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Gardening for Pollinators

June 13 2022 – Elliot Gregory

Gardening for Pollinators
Gardening for Pollinators

Pollinator insects need your help!

Pollinator populations continue to decline due to the increased use of agricultural pesticides, and supporting pollinators is one of the easiest and best ways to improve the health of your local ecosystem, increase biodiversity, and support food production. Unlike yellowjackets and wasps, which can be grumpy and aggressive, pollinator insects such as bees, butterflies and hummingbirds are generally even tempered and mild mannered. 

Water Source

In addition to pollinator friendly plants, it is important to have a water source, whether a small pond, a shallow saucer, or a rock as a platform in your birdbath. Hummingbirds will dance in your sprinkler in the summer. Another important point: insecticides are not very discriminating, they will kill your pest insects, but are also lethal to pollinators and other beneficial insects. In general, good healthy plants can withstand a light infestation, and if you can wait it out, beneficial insects that prey on your pest will show up and get things under control.

 

Bees:

We all are aware of honeybees, but there are many other bee pollinators: mason bees, bumble bees, and lots of native bee species. A great number of the native bee species nest underground or in solitary tunnels in sand or undisturbed areas, some live under bark in dead trees. Many of these types of bees will use bee blocks or bug hotels if available.


Bees are strongly attracted to blue flowers, but they will visit any color flower as long as the plant has either pollen or nectar and the flower is a shape that they can access. For example, bumble bees are heavy enough to push open a scotch broom flower, but most other bees are not. Plants that are particularly attractive to bees include the blue flowered shrub Caryopteris (covered with a happy, humming dome of bees in mid-summer), lavender, rosemary and other members of the mint family, such as Agastache, monarda (also known as bee balm), almost any daisy type flower (sunflowers, asters, African daisies, Echinacea, Black-eyed Susan and so forth), most members of the rose family (which includes many fruit trees) and members of the carrot family. The carrot or umbel flowers are frequently white, with hundreds of tiny flowers gathered in a domed head. Included in this family are the roadside weed and garden plant Queen Anne’s lace, dill, fennel and parsley. Another greatly enjoyed family includes the onions, including ornamental Allium, and garlic.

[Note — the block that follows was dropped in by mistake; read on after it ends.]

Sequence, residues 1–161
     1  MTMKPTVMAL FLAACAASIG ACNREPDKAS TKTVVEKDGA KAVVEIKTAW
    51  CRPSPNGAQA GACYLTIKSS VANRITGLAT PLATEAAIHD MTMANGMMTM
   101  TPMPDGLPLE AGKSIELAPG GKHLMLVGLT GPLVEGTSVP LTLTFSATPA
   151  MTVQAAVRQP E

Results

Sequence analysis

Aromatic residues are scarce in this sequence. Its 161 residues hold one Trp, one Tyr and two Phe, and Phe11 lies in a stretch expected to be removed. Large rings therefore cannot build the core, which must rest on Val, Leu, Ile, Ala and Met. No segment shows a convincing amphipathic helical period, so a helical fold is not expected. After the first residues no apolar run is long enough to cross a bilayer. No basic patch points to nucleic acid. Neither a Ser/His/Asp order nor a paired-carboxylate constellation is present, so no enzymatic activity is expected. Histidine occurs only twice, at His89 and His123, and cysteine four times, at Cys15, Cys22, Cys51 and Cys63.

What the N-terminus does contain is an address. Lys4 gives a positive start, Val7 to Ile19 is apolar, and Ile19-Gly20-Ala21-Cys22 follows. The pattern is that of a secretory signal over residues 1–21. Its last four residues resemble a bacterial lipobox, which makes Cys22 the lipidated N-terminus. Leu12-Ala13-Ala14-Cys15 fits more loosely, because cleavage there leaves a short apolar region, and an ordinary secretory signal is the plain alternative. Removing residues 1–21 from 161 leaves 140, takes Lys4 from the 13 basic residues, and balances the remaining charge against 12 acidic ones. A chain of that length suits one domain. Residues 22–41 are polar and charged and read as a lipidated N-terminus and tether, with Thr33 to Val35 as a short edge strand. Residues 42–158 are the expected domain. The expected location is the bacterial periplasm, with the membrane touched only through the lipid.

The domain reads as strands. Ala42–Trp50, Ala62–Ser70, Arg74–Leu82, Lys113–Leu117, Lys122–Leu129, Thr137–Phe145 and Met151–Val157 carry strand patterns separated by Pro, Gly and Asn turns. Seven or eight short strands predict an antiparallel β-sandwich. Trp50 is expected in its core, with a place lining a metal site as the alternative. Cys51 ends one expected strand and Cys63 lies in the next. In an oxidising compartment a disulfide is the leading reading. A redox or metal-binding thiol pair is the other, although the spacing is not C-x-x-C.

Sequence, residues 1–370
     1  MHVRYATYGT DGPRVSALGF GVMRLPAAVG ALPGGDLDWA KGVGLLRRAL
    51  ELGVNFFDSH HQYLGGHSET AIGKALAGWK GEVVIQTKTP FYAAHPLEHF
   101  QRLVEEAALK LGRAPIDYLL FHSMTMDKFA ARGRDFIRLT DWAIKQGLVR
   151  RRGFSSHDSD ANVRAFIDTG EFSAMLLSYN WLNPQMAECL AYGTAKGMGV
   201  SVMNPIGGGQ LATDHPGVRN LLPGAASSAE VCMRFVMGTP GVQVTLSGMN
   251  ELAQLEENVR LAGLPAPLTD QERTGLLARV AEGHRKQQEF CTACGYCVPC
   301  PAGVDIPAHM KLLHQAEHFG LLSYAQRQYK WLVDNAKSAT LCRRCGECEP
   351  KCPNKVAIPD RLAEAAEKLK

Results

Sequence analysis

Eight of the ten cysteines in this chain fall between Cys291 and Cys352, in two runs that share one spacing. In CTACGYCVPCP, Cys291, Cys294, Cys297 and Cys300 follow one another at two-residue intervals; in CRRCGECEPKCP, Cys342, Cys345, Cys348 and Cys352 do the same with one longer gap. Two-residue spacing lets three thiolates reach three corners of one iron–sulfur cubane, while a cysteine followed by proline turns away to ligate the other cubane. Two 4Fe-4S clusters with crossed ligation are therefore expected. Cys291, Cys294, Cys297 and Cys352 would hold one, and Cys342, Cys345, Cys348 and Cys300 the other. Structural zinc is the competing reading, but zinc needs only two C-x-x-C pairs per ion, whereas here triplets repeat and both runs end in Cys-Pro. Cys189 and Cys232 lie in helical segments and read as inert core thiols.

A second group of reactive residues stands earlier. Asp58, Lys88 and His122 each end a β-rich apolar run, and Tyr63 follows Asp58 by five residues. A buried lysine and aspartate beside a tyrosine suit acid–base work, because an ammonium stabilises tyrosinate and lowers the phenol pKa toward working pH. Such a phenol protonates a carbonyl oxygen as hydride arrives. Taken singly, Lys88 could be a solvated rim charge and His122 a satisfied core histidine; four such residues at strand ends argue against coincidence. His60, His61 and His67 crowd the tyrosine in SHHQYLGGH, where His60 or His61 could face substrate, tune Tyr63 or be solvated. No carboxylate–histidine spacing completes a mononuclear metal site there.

Buttferlies:


These lovely insects particularly like plants with flowers that offer a good landing area. Examples would be any member of the carrot family, such as dill, fennel, and Queen Anne’s lace, daisies, phlox, lilacs and of course, butterfly bush. Butterflies feed on nectar but it is important to remember that butterfly larvae (caterpillars) eat plant foliage, sometimes of plants different from what the adults are feeding on, and it is important to have some host plants and to not kill those caterpillars that are munching on them. Good host plants for butterfly larvae include butterfly weed (Asclepias), dill, fennel, parsley and dogwoods.
Other ways to keep butterflies happy: a flat rock in a sunny area to bask and warm up and an area of bare moist, even slightly muddy soil, where they can sip a bit of water and extract minerals.

 

Hummingbirds:


Not traditionally thought of as pollinators but they often carry a bit of pollen away after a nectar hunting visit. These charming little birds are especially attracted to red flowers but will visit almost any flower that has nectar. Summer favorites include fuchsia, Phygelius, Penstemon, Agastache, columbines and California fuchsia (Zauschneria) and in your dry garden, Yucca is a great choice. For late fall into winter, Yuletide camellia is a wonderful plant for you and for your hummer friends. It has a red, wide-open flower, and blooms from around Thanksgiving into February. Another favorite is Oregon grape, both the native species and horticultural varieties such as “Charity”.


Don’t worry too much if you don’t see as many visits to your hummingbird feeder on warmer spring days — they are getting a protein rich meal of spiders and insects that become available when temperatures rise.


As pollinator populations continue to be decimated year after year, we encourage you to be a part of the solution by introducing pollinator friendly plants to your garden. Pollinators get a source of food, water and shelter to thrive, and you get an array of beautiful blooming plants. What’s not to like?

 

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